Like Bob Dylan, perhaps the only living rock songwriter who has matched the breadth of his vision and his impact, Van Morrison set an early standard that led followers to anticipate each new project with intense expectations. Like Dylan, too, Morrison has risked dashing such expectations with questionable choices — including the choice to make records with a prolificacy that would exhaust even the most persistent muse.
Hymns to the Silence is a particularly ambitious move on Morrison's part, a double album of mostly original material that follows his most recent album, the excellent Enlightenment, by less than a year. Like Enlightenment, Hymns draws on such typical Morrison obsessions as nostalgia, wanderlust and the quest for spiritual and carnal fulfillment. "See Me Through Part II (Just a Closer Walk With Thee)" expands on "See Me Through" and "In the Days Before Rock 'n' Roll," Enlightenment's wistful reflections on Morrison's youth; the sequel sounds more didactic, though, featuring a sermonlike recitation about the purity of life "before rock 'n' roll, before television" shouted over a traditional gospel song. Hymns' opening track, the deceptively breezy "Professional Jealousy," is equally solemn and even more judgmental, asserting that those who succeed through hard work and perseverance are often subject to bitter resentment and "black propaganda."
Look past tirades like these, however, and you'll find moments of bittersweet longing and abundant joy. "Carrying a Torch" has the makings of a classic, with a stately chorus and shining verses that tie the flesh to the spirit: "You're the keeper of the flame/And you burn so bright/Baby why don't we re-connect/Move into the light." "Green Mansions" alludes to a similar kind of deliverance, envisioning a metaphoric haven "high upon a hill/In the countryside ... Free from the glamour of the world ... Where my baby can be found." And the gently ticking "Quality Street" sees such desires coming to fruition: "I thank God for sending me you," Morrison sings, with a restraint that conveys both serenity and awe.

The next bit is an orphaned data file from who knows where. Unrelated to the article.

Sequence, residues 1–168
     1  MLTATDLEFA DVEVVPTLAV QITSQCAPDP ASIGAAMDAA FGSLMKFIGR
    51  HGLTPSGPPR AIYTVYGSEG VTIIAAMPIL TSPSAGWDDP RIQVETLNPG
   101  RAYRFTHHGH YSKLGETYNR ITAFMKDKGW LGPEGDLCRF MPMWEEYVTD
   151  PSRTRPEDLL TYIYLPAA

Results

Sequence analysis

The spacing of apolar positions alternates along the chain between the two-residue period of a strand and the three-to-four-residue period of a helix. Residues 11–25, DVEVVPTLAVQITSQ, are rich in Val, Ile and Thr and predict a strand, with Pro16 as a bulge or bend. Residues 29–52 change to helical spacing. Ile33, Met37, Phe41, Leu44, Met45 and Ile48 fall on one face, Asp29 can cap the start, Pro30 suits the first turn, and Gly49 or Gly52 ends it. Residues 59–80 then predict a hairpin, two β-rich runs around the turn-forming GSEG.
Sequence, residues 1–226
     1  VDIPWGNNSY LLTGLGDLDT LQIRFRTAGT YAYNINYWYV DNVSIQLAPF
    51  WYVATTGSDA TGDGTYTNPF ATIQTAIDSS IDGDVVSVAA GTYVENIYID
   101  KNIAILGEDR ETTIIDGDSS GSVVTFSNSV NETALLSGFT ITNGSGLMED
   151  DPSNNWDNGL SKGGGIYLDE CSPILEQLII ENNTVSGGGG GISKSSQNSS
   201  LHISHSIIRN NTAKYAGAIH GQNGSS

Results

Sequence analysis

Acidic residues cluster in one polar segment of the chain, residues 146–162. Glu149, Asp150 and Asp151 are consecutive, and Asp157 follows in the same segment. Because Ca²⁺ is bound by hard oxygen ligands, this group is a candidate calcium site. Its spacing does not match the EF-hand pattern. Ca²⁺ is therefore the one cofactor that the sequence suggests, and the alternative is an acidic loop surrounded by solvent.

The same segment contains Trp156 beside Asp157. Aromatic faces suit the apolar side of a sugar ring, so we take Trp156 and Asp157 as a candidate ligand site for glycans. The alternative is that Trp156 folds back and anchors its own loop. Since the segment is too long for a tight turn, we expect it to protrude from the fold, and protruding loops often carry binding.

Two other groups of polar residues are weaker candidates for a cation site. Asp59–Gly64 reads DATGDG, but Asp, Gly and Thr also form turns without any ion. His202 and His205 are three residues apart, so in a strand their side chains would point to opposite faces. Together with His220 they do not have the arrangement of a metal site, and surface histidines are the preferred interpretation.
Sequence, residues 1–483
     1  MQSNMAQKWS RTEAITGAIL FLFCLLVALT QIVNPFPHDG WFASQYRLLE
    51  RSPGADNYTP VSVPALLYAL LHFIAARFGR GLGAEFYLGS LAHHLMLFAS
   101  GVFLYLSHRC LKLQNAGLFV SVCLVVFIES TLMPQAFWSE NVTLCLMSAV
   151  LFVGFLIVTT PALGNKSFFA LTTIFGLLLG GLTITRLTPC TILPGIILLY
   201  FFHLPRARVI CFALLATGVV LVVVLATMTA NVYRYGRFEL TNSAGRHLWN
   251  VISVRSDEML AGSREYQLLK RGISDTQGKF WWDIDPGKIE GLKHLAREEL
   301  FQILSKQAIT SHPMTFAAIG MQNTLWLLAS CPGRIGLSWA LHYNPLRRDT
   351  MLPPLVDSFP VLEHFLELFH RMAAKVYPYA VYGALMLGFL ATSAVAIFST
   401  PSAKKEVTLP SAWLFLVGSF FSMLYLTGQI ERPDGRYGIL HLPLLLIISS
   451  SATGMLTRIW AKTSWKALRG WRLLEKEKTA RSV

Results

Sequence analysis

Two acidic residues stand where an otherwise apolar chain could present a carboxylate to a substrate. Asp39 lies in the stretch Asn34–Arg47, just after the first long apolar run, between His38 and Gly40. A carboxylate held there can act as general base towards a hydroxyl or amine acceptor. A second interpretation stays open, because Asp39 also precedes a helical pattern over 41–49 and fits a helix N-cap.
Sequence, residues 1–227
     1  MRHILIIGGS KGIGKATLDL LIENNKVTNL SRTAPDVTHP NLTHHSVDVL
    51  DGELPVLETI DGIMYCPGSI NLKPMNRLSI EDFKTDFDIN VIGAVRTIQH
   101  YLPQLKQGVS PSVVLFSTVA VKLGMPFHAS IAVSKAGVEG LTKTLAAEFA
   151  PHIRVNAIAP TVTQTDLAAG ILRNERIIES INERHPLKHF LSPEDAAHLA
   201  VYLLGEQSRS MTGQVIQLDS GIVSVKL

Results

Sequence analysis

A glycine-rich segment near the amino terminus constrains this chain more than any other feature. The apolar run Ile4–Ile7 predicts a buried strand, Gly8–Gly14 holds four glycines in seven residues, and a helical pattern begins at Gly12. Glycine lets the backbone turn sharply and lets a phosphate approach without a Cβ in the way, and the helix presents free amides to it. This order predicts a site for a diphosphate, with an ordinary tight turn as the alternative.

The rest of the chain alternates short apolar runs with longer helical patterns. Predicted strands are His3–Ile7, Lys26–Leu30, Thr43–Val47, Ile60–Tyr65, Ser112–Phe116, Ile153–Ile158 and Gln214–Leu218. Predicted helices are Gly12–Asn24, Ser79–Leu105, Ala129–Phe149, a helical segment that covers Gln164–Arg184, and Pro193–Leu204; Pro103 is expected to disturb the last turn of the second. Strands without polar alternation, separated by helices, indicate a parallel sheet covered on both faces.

Musically, Hymns taps into most of the varied sources that Morrison has incorporated through the years. A Celtic strain runs through much of the album, becoming prominent on "Village Idiot," a poignant ballad with lyrics evoking "Fool on the Hill," and on a version of the traditional hymn "Be Thou My Vision" featuring members of the Chieftains on pipes and whistle. "Ordinary Life" is straight-ahead blues, though, and "So Complicated" and the ebullient "All Saints Day" offer swinging R&B in the spirit of Ray Charles (whose Don Gibson-penned hit "I Can't Stop Loving You" is covered, also with the Chieftains). "It Must Be You" has a light-jazz feel, but Morrison's rapturous vocal imbues the track with vitality.
Morrison's emotive singing cannot, unfortunately, rescue "Take Me Back," which strives for urgency through repetition — something Morrison achieved radiantly on Astral Weeks and Saint Dominic's Preview — but ends up merely sounding repetitious. The spoken meditations "Pagan Streams" and "On Hyndford Street" feel similarly overwrought. Still, even in its weaker spots, Hymns to the Silence brims with the consistent passion that continues to make Morrison fascinating.